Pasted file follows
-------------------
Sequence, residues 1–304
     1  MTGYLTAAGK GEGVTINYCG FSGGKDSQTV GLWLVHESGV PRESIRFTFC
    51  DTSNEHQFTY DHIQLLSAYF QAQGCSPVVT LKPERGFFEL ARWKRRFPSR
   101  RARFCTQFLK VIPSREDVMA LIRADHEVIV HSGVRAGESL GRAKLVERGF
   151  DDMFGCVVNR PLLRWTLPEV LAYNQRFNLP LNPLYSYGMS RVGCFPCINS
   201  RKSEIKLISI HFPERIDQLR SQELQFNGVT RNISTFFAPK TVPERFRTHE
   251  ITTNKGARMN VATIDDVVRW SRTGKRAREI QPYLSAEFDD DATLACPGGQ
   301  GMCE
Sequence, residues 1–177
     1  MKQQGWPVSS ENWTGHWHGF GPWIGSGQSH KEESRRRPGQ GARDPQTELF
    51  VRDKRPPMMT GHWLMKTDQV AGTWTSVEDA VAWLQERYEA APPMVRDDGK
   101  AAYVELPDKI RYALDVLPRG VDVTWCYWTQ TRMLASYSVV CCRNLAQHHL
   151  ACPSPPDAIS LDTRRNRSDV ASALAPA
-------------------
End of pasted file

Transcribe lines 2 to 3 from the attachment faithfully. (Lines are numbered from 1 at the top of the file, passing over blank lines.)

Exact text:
     1  MTGYLTAAGK GEGVTINYCG FSGGKDSQTV GLWLVHESGV PRESIRFTFC
    51  DTSNEHQFTY DHIQLLSAYF QAQGCSPVVT LKPERGFFEL ARWKRRFPSR